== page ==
||Volume 16, Number 4, March 2004
Components of an excellent reading program
by Steve Naylor
Reading is essential to success in school. All of us teach reading, be it showing students what their teachers are reading or showing students how to read the content selections in the course. Here are some techniques for building an excellent school reading program.
Reading aloud to students is always effective. The more students hear the selections read carefully and correctly, the more they will benefit. Having some selections read aloud in all subjects encourages understanding.
Create a literacy-rich environment
Have many types of reading materials in your classroom. Students are always impressed to see that teachers are readers. Discuss the books you are reading when students show interest. Teachers of all subjects can have their personal reading favourites on their classroom shelves.
Encourage reading for pleasure
Some schools have a program of sustained silent reading. Other schools have book fairs, reading weeks, and the like. Encourage students to read material other than their course readings. If students read for pleasure, their understanding of content reading will likely improve.
Promote home/school partnerships
Encourage parents to ask questions about the students’ reading. At meet-the-teacher events explain the importance of reading and help parents understand that reading is the basis of learning.
Integrate language activities
Explain to students how to read the material you expect them to understand. Have students write what they understand about their content reading. Use exit slips and entrance slips as ways to show students you are interested in what they understand about their reading.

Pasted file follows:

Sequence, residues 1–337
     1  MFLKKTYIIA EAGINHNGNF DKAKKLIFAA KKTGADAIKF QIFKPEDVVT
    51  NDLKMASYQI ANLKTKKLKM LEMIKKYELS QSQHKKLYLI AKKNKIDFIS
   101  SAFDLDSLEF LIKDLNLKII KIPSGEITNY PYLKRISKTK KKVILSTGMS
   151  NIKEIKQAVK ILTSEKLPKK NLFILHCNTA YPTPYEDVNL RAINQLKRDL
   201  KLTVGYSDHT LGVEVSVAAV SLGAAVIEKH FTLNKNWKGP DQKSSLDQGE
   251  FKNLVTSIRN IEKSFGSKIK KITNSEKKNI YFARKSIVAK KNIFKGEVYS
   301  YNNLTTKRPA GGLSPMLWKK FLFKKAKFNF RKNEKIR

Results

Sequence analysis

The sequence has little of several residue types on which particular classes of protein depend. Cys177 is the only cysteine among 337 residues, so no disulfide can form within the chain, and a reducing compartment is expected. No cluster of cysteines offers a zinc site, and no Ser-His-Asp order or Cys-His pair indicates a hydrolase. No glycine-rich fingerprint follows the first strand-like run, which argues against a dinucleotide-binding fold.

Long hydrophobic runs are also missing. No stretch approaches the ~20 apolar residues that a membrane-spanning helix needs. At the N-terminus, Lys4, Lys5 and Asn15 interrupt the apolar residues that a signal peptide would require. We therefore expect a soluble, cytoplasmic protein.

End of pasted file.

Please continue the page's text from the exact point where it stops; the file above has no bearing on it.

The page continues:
Accommodate students’ interests and backgrounds
When students are permitted to read material in which they are interested, they become engaged. Students who are engaged appreciate the opportunity to learn and will likely be more attentive in class.
Use systematic, varied strategies
Show students a variety of reading techniques such as SQ3R, formulating their own questions, and summarizing. Photocopy a page of the textbook, and allow students to highlight or underline the main points. Remember that you probably did the same in your university texts.
Use a variety of reading methods
Explain to students that reading poetry is different from reading a science text. Explain that slowing reading down and asking questions while reading are two ways to adjust reading to fit the text.
Activate students’ prior knowledge
Students need to connect new learning to what they already know. Find out what students already know about a topic, then introduce the reading assignment. Help students connect the new material to what they already know.
Provide authentic purposes, materials, and audiences
Students need to know that school is part of the real world. As often as possible, connect school assignments with the world outside the classroom. Have students write about their subjects to audiences other than the teacher. By using newspapers, show students that the material they are studying is also important to other people.
Construct, examine, and extend meaning
Building understanding means connecting learning to the students’ experiences. Start with what the students know or where their interests lie. Discuss their understanding, and challenge students to explore new or diverse opinions. Students need to know that there is not always a right answer.
Use meaning-driven reading activities
Tell the students what they are going to be reading. Give them a framework on which to build their new understandings. Giving a set of questions before the students start reading is often better than giving questions after they have read.
Model reading strategies
Show students how you read. Put a selection on the overhead, and read it aloud. Underline as you read, make notes in the margins, and talk as you read. Students will appreciate knowing that you make meaning as you read. Reading is not a secret skill that only the teacher knows.
Allow students to work in a variety of groupings
Have students read and then explain their understanding of their reading to partners. Have students meet in small groups and summarize their understanding of a reading selection. Talking and writing about their reading helps students solidify their understanding.
Steve Naylor teaches at Salmon Arm Senior Secondary School, Salmon Arm.